Uh, oh, you broke one of the cardinal rules of renting an apartment in San Francisco. If the landlord lives in the building, take a pass, keep looking. I talk about this all the time. Landlords, especially those who live with their tenants, think they own their tenants. They think they’re helping when they illegally enter your unit to express your new puppy’s anal glands. Most of the time, however, they simply believe that your apartment is an extension of their house and they want to monitor and control your behavior.

Your rent increase is technically illegal. “Banking” rent increases is a well-established and legal practice, San Francisco Rent Ordinance §37.3(a) provides in part, “A landlord who refrains from imposing an annual rent increase or any portion thereof may accumulate said increase and impose that amount on the tenant’s subsequent rent increase anniversary dates…” As you stated, a rent increase of 1.9% could have been imposed in August 1, 2012, but the second increase cannot be imposed until August 1, 2013. I’m sure you understand that his prior “promise” to refrain from increasing the rent could never be a defense to refusing to pay the increase.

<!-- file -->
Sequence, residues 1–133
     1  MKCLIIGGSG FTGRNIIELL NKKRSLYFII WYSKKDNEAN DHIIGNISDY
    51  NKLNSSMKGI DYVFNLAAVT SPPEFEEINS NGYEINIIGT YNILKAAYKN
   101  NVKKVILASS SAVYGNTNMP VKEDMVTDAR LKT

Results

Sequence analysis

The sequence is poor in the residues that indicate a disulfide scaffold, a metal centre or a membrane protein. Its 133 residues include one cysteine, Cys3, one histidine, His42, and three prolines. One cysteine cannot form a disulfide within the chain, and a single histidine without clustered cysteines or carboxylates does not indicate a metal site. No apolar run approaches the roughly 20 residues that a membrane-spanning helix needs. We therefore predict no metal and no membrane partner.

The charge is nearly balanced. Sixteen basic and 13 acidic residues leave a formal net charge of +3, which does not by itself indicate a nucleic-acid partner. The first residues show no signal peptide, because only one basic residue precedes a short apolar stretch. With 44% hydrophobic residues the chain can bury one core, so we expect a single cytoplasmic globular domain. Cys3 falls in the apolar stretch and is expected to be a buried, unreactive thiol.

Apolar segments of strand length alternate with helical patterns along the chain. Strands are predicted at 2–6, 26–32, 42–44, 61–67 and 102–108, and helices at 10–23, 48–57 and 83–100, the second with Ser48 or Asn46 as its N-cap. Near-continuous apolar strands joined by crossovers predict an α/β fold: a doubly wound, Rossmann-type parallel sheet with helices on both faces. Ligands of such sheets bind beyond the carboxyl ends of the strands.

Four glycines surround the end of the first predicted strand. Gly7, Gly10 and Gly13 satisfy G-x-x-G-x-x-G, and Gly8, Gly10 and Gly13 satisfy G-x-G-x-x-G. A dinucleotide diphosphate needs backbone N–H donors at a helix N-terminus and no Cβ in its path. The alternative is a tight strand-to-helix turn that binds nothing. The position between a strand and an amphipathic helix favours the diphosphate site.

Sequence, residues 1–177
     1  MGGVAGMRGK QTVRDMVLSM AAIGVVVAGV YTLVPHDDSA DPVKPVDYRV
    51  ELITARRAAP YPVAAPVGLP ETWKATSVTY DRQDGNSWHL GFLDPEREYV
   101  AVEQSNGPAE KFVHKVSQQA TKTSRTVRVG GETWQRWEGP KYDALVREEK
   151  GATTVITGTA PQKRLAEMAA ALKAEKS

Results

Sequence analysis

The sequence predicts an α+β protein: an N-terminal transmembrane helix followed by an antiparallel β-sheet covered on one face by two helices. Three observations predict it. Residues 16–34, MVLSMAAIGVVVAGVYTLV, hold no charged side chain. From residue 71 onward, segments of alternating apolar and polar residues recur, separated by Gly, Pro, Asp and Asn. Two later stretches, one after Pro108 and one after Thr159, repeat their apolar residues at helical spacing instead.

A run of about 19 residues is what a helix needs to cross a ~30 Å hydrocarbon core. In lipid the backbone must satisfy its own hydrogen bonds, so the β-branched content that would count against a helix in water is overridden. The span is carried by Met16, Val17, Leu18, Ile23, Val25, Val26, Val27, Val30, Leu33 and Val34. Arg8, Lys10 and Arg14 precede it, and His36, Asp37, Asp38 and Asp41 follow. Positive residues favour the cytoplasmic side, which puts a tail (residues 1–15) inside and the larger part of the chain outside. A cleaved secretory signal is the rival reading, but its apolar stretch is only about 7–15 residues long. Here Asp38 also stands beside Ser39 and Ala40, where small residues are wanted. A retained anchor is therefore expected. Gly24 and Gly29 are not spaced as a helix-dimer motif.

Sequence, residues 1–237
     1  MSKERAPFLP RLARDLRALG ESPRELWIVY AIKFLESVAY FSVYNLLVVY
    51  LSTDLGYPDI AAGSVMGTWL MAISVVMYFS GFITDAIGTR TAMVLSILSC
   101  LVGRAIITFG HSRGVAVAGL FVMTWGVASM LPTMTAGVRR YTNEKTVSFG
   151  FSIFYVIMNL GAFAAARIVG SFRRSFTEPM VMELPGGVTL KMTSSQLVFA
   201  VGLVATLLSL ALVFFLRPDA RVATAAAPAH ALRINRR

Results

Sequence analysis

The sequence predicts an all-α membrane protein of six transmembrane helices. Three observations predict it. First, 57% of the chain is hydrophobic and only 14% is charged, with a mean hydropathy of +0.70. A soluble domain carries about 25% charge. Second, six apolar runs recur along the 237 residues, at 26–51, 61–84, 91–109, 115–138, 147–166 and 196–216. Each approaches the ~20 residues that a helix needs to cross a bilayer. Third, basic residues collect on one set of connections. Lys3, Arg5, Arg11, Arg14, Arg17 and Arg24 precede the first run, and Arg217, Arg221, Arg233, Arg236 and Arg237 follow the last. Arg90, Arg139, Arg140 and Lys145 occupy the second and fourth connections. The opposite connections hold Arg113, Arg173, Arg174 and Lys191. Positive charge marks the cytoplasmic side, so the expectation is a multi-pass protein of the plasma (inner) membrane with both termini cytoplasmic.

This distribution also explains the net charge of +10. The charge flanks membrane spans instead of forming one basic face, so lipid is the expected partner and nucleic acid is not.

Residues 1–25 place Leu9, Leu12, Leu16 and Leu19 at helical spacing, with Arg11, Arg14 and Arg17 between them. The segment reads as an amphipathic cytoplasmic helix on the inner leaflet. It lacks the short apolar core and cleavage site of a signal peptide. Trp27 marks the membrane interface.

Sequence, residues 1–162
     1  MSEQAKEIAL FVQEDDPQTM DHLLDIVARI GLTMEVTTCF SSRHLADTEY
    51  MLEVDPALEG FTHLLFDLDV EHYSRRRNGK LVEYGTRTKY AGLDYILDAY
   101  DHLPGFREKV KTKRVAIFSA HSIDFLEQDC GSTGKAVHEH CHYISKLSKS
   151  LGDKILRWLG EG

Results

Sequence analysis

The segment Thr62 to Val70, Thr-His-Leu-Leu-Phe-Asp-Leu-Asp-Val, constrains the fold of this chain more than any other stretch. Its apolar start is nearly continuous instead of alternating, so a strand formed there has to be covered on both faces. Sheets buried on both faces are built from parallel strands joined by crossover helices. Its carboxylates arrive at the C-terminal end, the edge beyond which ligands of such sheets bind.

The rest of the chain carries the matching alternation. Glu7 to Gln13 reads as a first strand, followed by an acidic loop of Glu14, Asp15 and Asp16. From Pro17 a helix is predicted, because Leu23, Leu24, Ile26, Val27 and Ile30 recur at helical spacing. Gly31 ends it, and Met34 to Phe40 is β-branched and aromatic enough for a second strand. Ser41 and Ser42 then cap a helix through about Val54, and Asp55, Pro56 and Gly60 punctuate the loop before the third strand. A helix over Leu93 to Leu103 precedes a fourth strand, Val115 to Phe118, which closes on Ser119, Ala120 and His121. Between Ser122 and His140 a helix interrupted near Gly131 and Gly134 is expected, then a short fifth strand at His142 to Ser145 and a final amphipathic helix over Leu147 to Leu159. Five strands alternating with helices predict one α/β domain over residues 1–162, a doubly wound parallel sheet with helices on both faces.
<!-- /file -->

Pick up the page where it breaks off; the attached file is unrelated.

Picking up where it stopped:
Politely inform the landlord, in writing, that you will begin to pay the increase on August 1, 2013. (You should establish a practice of written communication with your landlord despite his proximity in the building.)

Then wait for all hell to break loose.